Lessons learned and next steps

As previously reported, the most significant challenge throughout this project has been the time needed for Dr Thornber to run the project, which far exceeded the time covered.

Furthermore, maintaining a social media presence was key to making new contacts. The University of Exeter and Plymouth Marine Laboratory were asked to join Sargasso Sea Commission following an article in the Guardian. Writing, blogs / interviews / stories for the PhycoMex website on our interactions gave people a voice which we believe they felt empowered by. By ensuring our interactions were a two-way process, people felt they became a part of our community.

The key barriers and challenge to progress the project are around further funding availability. However, we are engaging with a variety of stakeholders including Innovate UK, Venture Philanthropists, Philanthropists, Governmental Organisations, Digital Technologists to drive this research forwards. One ambitious step we are pursuing is to create a seaweed focused Doctoral Training Program (at least 30 PhD students working on multiple aspects of the problem / opportunity) with a unique applied focus and unique cooperative commercialisation model.

This project has also led to interest and funding from the Newton Fund. Arturo Mendoza, Head of NF in Mexico will present Allen’s plans to develop a sustainable process for remediation of problematic Sargassum biomass to SENER (Minister of Energy), Nayeli Mayorga working on the Policy for Climate and Energy issues at the Mexican Embassy, Ministry of Tourism and Mexican Navy in Mexico in April.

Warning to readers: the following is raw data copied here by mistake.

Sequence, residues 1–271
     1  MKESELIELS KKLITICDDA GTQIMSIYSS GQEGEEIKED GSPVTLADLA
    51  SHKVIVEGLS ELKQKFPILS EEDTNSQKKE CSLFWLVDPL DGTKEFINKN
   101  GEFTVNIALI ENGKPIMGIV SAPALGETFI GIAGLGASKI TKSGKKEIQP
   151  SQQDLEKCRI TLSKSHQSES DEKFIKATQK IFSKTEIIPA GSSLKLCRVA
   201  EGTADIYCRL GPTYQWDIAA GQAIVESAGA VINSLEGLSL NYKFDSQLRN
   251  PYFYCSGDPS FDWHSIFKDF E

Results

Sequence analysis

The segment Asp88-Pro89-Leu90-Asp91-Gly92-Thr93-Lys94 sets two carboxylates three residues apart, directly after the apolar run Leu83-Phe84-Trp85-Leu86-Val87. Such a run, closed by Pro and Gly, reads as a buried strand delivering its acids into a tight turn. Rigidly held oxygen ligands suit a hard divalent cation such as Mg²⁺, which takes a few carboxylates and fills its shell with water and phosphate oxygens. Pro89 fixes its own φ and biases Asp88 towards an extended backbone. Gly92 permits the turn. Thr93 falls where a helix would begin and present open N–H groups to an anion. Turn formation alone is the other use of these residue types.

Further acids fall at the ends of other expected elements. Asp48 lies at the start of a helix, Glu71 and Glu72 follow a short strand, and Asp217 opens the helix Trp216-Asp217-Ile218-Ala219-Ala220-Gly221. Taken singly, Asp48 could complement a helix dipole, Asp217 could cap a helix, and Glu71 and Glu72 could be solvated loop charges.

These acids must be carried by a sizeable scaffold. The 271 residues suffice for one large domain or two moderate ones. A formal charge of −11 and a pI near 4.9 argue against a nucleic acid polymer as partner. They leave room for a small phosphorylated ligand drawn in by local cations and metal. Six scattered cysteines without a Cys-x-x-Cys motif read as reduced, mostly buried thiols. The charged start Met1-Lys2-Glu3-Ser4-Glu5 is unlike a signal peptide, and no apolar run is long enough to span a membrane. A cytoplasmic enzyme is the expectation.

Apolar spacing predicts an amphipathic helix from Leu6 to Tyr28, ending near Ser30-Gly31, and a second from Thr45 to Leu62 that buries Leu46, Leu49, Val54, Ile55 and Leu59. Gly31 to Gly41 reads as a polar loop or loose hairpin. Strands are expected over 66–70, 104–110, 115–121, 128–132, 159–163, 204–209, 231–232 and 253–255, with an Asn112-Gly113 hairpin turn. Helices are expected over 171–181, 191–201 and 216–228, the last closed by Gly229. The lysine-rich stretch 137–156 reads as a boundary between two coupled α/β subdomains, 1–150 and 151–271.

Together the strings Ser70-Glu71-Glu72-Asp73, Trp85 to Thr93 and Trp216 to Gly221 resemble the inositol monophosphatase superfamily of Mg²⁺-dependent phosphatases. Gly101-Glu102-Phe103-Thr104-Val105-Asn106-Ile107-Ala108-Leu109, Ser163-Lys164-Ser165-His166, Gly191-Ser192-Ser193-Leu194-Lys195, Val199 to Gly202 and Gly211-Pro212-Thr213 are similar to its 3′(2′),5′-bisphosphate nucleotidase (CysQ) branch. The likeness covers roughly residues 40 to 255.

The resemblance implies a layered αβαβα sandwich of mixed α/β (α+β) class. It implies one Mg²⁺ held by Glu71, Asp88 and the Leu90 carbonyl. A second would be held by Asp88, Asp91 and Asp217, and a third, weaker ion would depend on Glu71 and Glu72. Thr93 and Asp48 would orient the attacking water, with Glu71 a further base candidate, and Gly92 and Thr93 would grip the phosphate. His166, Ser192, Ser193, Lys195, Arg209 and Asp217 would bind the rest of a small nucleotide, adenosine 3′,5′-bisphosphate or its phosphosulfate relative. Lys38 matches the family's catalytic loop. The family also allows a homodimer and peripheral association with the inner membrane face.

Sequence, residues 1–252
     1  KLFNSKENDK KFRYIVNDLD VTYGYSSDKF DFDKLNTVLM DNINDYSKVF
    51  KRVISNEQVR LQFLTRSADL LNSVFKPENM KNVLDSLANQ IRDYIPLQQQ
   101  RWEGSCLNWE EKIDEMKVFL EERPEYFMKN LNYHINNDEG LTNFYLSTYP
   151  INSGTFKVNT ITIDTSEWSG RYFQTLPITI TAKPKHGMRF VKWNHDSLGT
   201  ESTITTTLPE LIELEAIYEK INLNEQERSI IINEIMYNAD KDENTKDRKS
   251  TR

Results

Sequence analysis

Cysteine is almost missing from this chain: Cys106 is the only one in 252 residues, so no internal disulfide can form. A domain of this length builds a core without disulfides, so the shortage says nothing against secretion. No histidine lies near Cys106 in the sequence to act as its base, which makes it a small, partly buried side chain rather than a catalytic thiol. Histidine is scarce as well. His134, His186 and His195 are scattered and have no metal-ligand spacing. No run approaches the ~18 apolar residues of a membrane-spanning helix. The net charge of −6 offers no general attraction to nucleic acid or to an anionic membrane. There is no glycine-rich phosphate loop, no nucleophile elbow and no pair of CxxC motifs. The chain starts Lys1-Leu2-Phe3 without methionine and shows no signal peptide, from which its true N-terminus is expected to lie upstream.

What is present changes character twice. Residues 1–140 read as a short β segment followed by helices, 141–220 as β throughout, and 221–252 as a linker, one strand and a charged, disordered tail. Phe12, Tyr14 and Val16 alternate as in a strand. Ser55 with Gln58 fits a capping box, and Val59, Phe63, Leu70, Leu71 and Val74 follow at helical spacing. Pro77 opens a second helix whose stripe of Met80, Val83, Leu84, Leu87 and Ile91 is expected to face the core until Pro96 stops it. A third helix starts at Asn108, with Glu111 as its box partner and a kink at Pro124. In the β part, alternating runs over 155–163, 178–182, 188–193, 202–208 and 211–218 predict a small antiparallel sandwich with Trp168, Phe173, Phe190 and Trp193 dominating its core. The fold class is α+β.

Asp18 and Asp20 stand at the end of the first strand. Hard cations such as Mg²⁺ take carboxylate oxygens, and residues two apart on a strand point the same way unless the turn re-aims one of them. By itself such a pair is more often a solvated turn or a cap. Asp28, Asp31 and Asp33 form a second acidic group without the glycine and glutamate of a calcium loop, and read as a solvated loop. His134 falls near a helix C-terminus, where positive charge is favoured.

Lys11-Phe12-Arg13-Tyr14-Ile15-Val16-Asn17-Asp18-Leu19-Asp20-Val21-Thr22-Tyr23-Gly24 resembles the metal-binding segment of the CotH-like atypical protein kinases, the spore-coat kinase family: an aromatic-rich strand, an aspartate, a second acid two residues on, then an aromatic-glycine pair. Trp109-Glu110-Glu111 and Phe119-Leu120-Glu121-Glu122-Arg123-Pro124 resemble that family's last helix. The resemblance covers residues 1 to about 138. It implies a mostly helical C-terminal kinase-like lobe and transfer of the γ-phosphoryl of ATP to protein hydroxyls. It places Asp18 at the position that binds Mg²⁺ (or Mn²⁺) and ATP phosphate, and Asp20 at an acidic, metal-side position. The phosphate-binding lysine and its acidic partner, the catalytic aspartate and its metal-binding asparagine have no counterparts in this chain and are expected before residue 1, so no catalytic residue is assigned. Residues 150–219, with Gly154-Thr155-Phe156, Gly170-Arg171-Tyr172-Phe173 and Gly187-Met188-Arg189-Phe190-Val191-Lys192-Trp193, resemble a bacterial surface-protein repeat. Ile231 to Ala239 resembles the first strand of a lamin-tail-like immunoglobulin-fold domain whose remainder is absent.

Although going forward there may be competition for biomass from plastics manufacturers and mass carbon capture and sequestration activities as more people are moving into the field of identifying uses for macroalgae. Thankfully, Sargassum is a plentiful biomass source and we expect the innovation in this space to continue.

Biorganix will continue testing the extracts provided by the partners on small scale field trials during 2022.

Links

Steve Hinchliffe, Andrea Butcher, Muhammad Meezanur Rahman, Guilder James, Charles R. Tyler, David Verner-Jeffreys (2020). Production without medicalisation – socio-economic drivers of disease and antimicrobial uses in aquaculture. Geographical Journal DOI: 10.1111/geoj.12371

Thornber, K., Huso, D., Rahman, M.M., Biswas, H., Rahman, M.H., Brum, E., Tyler, C.R. (2019) Raising awareness of antimicrobial resistance in rural aquaculture practice in Bangladesh through digital communications: a pilot study, Global Health Action, 12:sup1, DOI: 10.1080/16549716.2020.1734735

Stentiford, G.D., Bateman, I.J., Hinchliffe, S.J., Bass, D., Hartnell, R., Santos, E.M., Devlin, M.J., Feist, S.W., Taylor, N.G.H., Verner-Jeffreys, D.W., van Aerle, R., Peeler, E.J., Higman, W.A., Smith, L., Baines, R., Behringer, D.C., Katsiadaki, I., Froehlich, H.E., Tyler, C.R., 2020. Sustainable aquaculture through the One Health lens. Nature Food 1, 468–474. https://doi.org/10.1038/s43016-020-0127-5

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Thornber, K., Bashar, A., Ahmed, M.S., Bell, A., Trew, J., Hasan, M., Hasan, N.A., Alam, M.M., Chaput, D.L., Haque, M.M., Tyler, C.R. Antimicrobial resistance in aquaculture environments: unravelling the complexity and connectivity of the underlying societal drivers. In Review

Hasan, N. A., Haque, M. M., Hinchliffe, S. J., Guilder, J. 2020. A sequential assessment of WSD risk factors of shrimp farming in Bangladesh: Looking for a sustainable farming system. Aquaculture, 526: 735348. https://www.sciencedirect.com/science/article/abs/pii/S0044848619333460?via%3Dihub

Heal, R.D., Hasan, N. A., Haque, M.M. 2021. Increasing disease burden and use of drugs and chemicals in Bangladesh shrimp aquaculture: A potential menace to human health. Marine Pollution Bulletin, 172: 112796. https://www.sciencedirect.com/science/article/abs/pii/S0025326X21008304?via%3Dihub

Heal, R.D., Haque, M.M., Hasan, N.A., Nagoli, J., Arifuzzaman, S., Tyler, C., Bass, D. 2021. Understanding the economic and farming practices driving species selection in aquaculture within the Mymensingh division of Bangladesh, Aquaculture International, https://doi.org/10.1007/s10499-021-00818-y